Warning: The following sentence has already proved so controversial that a quick team meeting pitching it resulted in awkward glares and a deathly silence, unaccepted to the extent that -For this one review only- I was forced to drop the KN 'we' and call myself 'I'. The statement in question? Art Style: Intersect is the best action-puzzle game ever made.
No doubt very few of you know the game, and therefore what you're missing out on. INTERSECT, part of the Art Style series- a range of downloadable puzzle games on WiiWare and DSiWare that focus on the game itself, not the added polish. This results in the excellent old-school graphical and menu style. While this isn't as lovely in terms of presentation as fellow Art Style title PICTOPICT, INTERSECT more than makes up for it with the game itself, which, after all, is the point in this series.
The premise is simple, yet only when you're playing. It's extremely hard to explain, making the game near-impossible to sell. Even the very in-depth instruction video (Which has the luxuraries of both being interactive and able to play a moving picture) struggles. Yet, play it for 5 minutes and the core gameplay mechanics will be forever engraved in your mind. I'll give it a shot- You are presented with a crossroad, shaped like a +. Out of each lane, comes a differently coloured shape, which are called cars by the instructions, although there's nothing car-y about them, which stack up at the end of another lane. There are three different colours of cars- KN forum red, Nintendo advert room white and PS3 grey/black. You may only have cars of one colour in each lane at once, if you put one of a different colour in, it replaces the previously positioned car/group. The aim here is to stack up 5 of the same colour in each aisle. You do this by pressing the direction you want it to go when it crosses the mid-point of the +. Don't press anything and the car will drive on in a straight line.
Understood it so far? Good, because it's about to get a bit confusing.
Once you get 5 in a lane, it turns to the colour of the cars that went into the lane, the cars disappearing. This gives you a small amount of fuel. Get another 5 cars of ...the same colour in there for more fuel. 5 more, you get more fuel. All this plays out on the top screen. On the bottom, you have a 'Core', which is being chased up a vertical pillar by a 'Spike' The Core is powered by your fuel. To get the fuel to the car, you need a Trig Car, which come by occasionally, but also can be brought in with a press of the A button. However, you only get three, so use them carefully. When it goes through an aisle, all the fuel built up goes to the core, sending up so many metres. The more fuel, the more metres. Metres act as your score.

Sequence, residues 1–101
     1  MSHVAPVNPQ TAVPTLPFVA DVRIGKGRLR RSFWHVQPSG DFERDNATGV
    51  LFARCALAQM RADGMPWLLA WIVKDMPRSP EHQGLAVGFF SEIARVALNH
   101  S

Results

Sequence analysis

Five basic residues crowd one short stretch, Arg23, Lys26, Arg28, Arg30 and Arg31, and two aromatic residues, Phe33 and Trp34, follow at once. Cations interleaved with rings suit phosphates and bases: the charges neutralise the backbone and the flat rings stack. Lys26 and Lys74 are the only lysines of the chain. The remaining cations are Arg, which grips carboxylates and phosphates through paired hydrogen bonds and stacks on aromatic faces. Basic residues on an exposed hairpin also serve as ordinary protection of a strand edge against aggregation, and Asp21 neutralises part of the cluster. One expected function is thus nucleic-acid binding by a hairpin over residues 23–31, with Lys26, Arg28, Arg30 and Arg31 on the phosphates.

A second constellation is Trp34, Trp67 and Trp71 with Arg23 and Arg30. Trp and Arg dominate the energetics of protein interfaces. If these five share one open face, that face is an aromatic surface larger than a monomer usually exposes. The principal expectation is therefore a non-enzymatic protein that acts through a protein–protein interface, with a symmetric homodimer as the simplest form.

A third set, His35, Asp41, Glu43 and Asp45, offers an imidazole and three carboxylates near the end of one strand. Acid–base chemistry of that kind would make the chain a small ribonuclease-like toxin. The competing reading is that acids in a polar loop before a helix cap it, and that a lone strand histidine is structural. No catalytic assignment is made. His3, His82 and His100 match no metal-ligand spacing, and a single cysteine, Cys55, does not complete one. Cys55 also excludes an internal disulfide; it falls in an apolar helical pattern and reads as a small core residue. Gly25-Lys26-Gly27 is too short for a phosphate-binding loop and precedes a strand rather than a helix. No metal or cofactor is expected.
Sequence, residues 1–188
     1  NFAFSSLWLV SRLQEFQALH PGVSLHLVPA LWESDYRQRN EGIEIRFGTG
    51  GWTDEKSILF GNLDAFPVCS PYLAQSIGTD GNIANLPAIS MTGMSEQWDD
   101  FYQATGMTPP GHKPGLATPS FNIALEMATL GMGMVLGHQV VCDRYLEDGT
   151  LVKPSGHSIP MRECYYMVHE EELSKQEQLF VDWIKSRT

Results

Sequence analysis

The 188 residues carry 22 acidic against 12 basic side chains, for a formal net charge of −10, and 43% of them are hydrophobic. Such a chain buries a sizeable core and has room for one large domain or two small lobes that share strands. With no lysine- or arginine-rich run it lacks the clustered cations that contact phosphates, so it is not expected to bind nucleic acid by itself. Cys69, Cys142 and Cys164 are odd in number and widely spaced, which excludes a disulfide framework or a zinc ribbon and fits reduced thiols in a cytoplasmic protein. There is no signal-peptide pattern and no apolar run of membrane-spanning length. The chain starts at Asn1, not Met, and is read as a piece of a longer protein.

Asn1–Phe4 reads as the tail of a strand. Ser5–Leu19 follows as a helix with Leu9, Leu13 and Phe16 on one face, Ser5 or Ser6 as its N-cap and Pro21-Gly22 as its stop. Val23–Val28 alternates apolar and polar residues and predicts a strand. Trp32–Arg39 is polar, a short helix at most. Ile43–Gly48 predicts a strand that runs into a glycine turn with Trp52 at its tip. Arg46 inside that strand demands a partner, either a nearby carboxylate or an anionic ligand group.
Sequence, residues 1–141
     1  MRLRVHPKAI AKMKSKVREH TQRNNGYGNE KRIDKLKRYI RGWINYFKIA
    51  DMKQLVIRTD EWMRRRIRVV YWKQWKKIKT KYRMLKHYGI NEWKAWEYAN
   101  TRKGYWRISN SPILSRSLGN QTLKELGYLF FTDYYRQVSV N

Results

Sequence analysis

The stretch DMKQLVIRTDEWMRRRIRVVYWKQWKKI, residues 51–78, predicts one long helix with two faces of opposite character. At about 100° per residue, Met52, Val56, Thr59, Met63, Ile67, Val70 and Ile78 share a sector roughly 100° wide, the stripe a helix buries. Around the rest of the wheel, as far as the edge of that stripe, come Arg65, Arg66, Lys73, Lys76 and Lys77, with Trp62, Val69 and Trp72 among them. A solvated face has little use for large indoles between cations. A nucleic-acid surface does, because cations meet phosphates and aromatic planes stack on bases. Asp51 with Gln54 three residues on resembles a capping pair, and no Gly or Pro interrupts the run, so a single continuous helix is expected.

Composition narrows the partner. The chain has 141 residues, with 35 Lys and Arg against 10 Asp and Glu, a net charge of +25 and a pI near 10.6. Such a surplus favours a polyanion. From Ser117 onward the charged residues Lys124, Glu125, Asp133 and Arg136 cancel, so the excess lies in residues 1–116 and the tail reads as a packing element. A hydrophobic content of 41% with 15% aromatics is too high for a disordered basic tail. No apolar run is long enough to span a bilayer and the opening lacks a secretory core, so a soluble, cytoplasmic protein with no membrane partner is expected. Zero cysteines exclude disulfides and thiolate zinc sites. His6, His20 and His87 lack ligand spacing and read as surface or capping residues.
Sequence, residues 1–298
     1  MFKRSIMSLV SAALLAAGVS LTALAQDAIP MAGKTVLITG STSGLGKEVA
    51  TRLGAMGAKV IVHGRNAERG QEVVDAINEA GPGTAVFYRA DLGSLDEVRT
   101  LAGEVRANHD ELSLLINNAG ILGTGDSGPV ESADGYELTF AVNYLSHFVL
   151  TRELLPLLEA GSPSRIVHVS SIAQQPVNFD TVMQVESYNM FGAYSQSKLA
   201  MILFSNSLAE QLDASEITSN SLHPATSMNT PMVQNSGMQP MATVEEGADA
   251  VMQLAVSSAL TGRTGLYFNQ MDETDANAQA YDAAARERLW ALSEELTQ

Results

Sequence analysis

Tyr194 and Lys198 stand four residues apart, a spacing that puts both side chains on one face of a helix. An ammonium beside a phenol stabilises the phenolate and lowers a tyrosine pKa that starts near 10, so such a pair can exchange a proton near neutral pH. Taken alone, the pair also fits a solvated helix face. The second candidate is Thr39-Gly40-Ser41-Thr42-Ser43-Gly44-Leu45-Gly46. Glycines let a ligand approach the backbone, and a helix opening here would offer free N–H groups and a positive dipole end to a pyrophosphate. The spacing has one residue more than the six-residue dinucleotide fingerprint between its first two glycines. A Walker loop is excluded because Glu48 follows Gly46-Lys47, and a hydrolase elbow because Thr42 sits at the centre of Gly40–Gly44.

That's the basics. You can play the game for many happy hour with just this core information, but it took us 20 minutes to start to latch onto the more complex ideas. The game's full of them, with that of doubling your fuel by sending a wrong-coloured car down the aisle when there are also two other active (Coloured) rows. However, you lose your chance to have a shot at the fuel machine that is Overdrive Mode.
There are also a number of tactical decisions that need to be made on the fly. You’ve got no time to think; do you want to try and get a huge amount of fuel built up, create some massive combos, risking the Spike catching up, or send Trig Cars down regularly, keeping the metres count ticking over, stopping the Core being hit but not getting you very far clear of it, or very far towards beating your high score.
There's also a rather nice multi-player mode, in which you attempt to move the Core towards your opponents' goal line, instead of away from the Spike and a touch screen mode that works well enough, although seems slightly tacked on, to make it seem different from the original Japan-only GBA game. Unfortunately, there's no online multiplayer or leader boards, our only real gripe- I'd love to know how my best score of 60,567 stacks up with the rest of the world. As a high score challenge, INTERSECT is as good, if not better, than anything else on DSiWare.
INTERSECT will eat up thousands of hours. Got 10 minutes to kill? This game will brutally gun down 40. By having an odd scoring system, it allows for ever-varying tactics and gameplay, it won't get old. The only time we ever did get bored mid-game, we'd been at the one game for over 2 hours. Often, time-guzzling isn't actually a good thing. There will be a feeling of guilt post-game. Not here- unlike most puzzlers, it makes what you wanted out loud to be 5 minutes seem like 5 minutes, even though you'll just have devoured enough time to create your own TARDIS. I don't know whether it's legal to put a price on fun, (Well, outside of Texas) but 500 points (Only £4!) for 500 hours seems about fair. (Note- I haven't spent 500 hours on this game. Yet. Give it a few more months...)
You may have endured a headache reading those last few paragraphs, and if you did we don't blame you, so long as you're prepared to give the game a chance. Tetris must have been hard to explain at first around, and if you ask me, this is above even the Great Russian block-dropper. This is puzzling at its peak.